Specialization of retinal function in the compound eyes of mantis shrimps

Cronin Thomas W., N. Justin Marshall, Roy L. Caldwell, Nadav Shashar

Research output: Contribution to journalArticlepeer-review

50 Scopus citations


Visual function and its specialization at the level of the retina were studied in 13 species of stomatopod crustaceans, representing three superfamilies: Gonodactyloidea, Lysiosquilloidea, and Squilloidea. We measured attenuation and irradiance spectra in the environment of each species, at the actual depths and times of activity where we observed individuals. We also characterized die intrarhabdomal niters of all study species and determined the absolute spectral sensitivity functions and approximate photon capture rates of all photoreceptor classes below the level of the 8th retinular cell in seven of these species. Shallow-water gonodactyloid species have four distinct classes of intrarhabdomal filters, producing photoreceptors that are relatively insensitive but which have the broadest spectral coverage of all. Deep-water gonodactyloids and all lysiosquilloids have filters that are spectrally less diverse. These species often discard the proximal filter classes of one or more receptor types. As a result, their retinas are more sensitive but have reduced spectral range or diversity. The single squilloid species has the most sensitive photoreceptors of any we observed, due to the lack both of intrarhabdomal filters and tiered photoreceptors. Photon absorption rates, at the times of animal activity, were similar in most photoreceptor classes of all species, whether the receptors were tiered or untiered, or filtered or unfiltered. Thus, the retinas of stomatopods are specialized to operate at similar levels of stimulation at the times and depths of actual use, while evidently maintaining the greatest possible potential for spectral coverage and discrimination.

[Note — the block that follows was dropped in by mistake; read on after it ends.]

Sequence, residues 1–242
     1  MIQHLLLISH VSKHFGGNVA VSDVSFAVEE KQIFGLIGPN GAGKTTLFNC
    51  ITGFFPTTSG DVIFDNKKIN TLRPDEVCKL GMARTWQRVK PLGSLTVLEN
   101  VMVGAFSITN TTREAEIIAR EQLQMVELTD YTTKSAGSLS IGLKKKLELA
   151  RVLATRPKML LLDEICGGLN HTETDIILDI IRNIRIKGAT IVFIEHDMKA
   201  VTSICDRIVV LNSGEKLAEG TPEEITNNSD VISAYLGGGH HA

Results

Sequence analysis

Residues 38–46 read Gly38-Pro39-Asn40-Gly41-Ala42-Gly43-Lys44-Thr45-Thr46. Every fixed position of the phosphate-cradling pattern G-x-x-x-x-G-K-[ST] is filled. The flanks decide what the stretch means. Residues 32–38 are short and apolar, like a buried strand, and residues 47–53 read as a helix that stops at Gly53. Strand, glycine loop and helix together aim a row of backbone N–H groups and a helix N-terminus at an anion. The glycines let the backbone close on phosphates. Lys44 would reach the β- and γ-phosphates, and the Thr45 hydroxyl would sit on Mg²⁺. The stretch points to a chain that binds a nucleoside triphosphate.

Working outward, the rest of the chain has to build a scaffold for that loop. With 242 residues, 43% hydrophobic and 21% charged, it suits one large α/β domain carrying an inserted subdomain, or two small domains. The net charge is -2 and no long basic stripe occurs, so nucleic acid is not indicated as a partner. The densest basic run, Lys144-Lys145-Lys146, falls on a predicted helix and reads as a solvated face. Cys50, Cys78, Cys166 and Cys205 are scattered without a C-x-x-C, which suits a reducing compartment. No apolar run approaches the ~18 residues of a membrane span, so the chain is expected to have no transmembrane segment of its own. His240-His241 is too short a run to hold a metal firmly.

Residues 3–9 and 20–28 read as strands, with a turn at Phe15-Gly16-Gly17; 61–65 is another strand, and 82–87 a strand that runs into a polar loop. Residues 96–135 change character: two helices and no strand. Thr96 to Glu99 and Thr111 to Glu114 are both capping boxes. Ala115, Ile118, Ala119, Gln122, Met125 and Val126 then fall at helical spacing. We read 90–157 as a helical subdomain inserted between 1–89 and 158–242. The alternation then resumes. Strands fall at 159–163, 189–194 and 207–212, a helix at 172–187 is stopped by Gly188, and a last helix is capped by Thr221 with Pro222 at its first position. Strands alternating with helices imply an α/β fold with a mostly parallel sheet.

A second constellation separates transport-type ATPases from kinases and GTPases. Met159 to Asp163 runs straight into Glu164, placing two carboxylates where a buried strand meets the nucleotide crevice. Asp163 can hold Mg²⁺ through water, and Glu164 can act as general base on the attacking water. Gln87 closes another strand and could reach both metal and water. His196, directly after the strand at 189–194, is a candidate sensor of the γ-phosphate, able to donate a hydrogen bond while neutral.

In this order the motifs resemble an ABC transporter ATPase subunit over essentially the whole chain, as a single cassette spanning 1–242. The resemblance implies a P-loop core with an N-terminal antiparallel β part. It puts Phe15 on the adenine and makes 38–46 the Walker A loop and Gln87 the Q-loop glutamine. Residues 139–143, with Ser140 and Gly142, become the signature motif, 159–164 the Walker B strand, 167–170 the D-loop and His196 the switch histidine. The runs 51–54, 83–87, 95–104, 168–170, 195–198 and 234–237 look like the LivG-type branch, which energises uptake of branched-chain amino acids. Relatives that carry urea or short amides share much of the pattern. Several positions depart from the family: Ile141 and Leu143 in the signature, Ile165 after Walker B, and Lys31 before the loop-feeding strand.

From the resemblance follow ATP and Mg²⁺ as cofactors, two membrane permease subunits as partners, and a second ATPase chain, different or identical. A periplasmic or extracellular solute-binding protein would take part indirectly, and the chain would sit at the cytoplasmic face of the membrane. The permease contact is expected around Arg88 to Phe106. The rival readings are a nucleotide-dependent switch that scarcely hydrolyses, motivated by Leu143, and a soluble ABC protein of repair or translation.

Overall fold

Original languageEnglish
Pages (from-to)2639-2656
Number of pages18
JournalVision Research
Issue number20
StatePublished - 1 Jan 1994
Externally publishedYes


  • Color vision
  • Spectral sensitivity
  • Stomatopoda
  • Visual ecology
  • Visual evolution

ASJC Scopus subject areas

  • Ophthalmology
  • Sensory Systems


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